Birds : An awesome Columbus Day Weekend
Columbus Day marks a watershed for birding on the Vineyard. The season shifts dramatically from a couple of short weeks ago and the coming of winter is foretold by the bird species arriving and passing by Island shores. Seed-eating land birds and prodigious quantities of loons, grebes, waterfowl, and gulls are the featured and upcoming attraction, while moderate numbers of raptors and late-moving, lingering, and vagrant insectivores are anticipated.
The Vineyard in mid-October is such a fantastic place to be, especially for those of us enamored of birds, that anywhere else in New England is a distant second. The Gay Head cliffs are a paradise for birders, as the volume and variety of the bird migration is mind-boggling. With the voice of experience, local knowledge, and familiarity with other areas, I say it is the truth.
Locals have little to compare it to and don't realize how exceptional the birding is, and visiting birders are so overwhelmed at the number and variety of birds that they are blown away. There is nothing to compare it to except the spectacular flights at Cape May, N.J.
The difference being that at Cape May, the flight of birds is larger, the number of observers is by an order of magnitude of at least 100 times greater, and the birds are spread over a much larger area. Scenically, there is no comparison. The unspoiled, rural character of the cliffs, so unique, elevating one so that the visibility is unlimited as opposed to the over developmentally challenged and much larger area that is Cape May County. It is a completely different experience and from this writer's perspective, as well as many other observers, not comparable.
Part of the cliffs attraction is its inaccessibility. People from away, observers that have never been to the Island, have no concept of how easy to reach this awesome spot really is. This is another of its many charms.
With westerly winds, this past week was fabulous for birding at the west end of the Island. The movement of falcons all weekend long was strong and steady. Bob Shriber, seasonal Aquinnah resident, spent the weekend with a movie camera filming peregrine falcons flying about over the cliffs. He reports observing some 20 individual peregrines each day last weekend.
Moderate numbers of land birds including red-winged blackbirds, brown-headed cowbirds, cedar waxwings, American goldfinches, house finches, purple finches, yellow-rumped warblers, palm warblers, yellow-shafted flickers, and tree swallows were also noted. A few more unusual species seen this past weekend included a black-throated blue warbler, dickcissel, a smattering of sparrows including several white-throated, white-crowned and swamp sparrows, and several Baltimore orioles.
During the past week the Island was rocking with migrants. Many nights were ideal for migration with clear skies and light northwesterly winds essentially opening the road for nocturnal land bird migrants. Places that normally have few or no birds were loaded with migrant birds. Most impressive were numbers of warblers, vireos, orioles, and sparrows. The small Midwestern ranging clay-colored sparrow was reported no fewer than four times from three different places. This formerly rare species has been increasing annually and now is becoming an almost expected species at migration hotspots.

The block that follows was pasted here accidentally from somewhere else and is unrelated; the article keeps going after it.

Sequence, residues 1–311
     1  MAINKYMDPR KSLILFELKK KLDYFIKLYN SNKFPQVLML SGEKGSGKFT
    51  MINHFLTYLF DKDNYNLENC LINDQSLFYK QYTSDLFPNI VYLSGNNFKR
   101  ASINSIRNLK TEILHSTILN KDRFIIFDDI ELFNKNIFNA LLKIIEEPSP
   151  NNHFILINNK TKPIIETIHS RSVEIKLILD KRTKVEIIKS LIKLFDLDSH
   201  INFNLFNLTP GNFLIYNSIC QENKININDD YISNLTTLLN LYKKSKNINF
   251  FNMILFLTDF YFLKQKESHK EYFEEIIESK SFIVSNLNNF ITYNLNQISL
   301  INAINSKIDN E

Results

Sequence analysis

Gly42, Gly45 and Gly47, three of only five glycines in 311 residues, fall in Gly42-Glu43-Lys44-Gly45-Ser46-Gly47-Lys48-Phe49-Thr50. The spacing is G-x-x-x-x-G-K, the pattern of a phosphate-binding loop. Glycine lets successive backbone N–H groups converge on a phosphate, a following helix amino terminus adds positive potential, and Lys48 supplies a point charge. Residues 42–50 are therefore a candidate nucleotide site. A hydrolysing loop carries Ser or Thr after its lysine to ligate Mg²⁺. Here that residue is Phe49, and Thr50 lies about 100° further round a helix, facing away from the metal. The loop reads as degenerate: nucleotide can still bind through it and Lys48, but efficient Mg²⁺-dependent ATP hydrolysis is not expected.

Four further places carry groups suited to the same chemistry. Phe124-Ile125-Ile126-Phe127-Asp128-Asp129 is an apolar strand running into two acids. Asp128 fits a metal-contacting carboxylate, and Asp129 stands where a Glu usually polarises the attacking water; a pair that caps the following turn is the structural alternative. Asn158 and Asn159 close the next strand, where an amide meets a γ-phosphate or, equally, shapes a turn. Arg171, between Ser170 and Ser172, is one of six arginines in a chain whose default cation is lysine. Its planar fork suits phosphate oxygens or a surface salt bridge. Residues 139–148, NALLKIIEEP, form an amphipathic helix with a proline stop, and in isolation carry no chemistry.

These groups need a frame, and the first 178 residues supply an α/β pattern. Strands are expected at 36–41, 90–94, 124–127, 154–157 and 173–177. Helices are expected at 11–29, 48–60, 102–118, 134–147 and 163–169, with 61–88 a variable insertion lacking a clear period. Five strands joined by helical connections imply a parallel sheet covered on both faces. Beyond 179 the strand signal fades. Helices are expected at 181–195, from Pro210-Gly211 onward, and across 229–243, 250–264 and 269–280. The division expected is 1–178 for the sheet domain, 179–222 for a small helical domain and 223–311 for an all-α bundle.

Several places were absolutely berserk with birds all last week, including the Abel's Hill Cemetery in Chilmark, the Quansoo area of Chilmark, Pond View Farm in West Tisbury, several spots south of the State Forest in West Tisbury, and a handful of places in Edgartown. Mixed flocks of eastern bluebirds, pine warblers, palm warblers, more than 15 species of other warbler species in small numbers, Baltimore orioles, huge numbers of chipping sparrows and savannah sparrows, lesser numbers of song and swamp sparrows as well as good numbers of eastern phoebes were found on a daily basis. Lots of woodpeckers, both species of kinglet, numbers of red-breasted nuthatches, lots of purple finches, a few eastern meadowlarks, small numbers of American pipits, and a few brown creepers were also found every day.
That most often joked about bird name, the yellow-bellied sapsucker, really does belong to a living bird - a medium-sized woodpecker that breeds across much of northern North America but not on the Cape or Islands. They are well named as they drill holes in fruit, willow, and pine trees in a way that encourages them to ooze sap.
The birds then return periodically during the day to eat the insects attracted to the sap flow as well as drinking the sugar rich sap. In the fall migration they are regular but usually scarce on the Island. Last week, from October 6 through 11, at least 10 individual yellow-bellied sapsuckers were found from the Gay Head cliffs in Aquinnah to the Abel's Hill Cemetery in Chilmark.
The shorebird migration has slowed to a crawl. A few American woodcock and Wilson's snipe can be seen during the early morning or evening twilight as they move from feeding to roosting areas. Merlins and peregrine falcons continue to be regular and are frequently seen as they proceed on their respective southbound migrations. Things will start to slow down but are by no means over from the migration standpoint. In fact, the latter half of October often brings the most unexpected vagrant birds of the year.
Until next time - keep your eyes to the sky.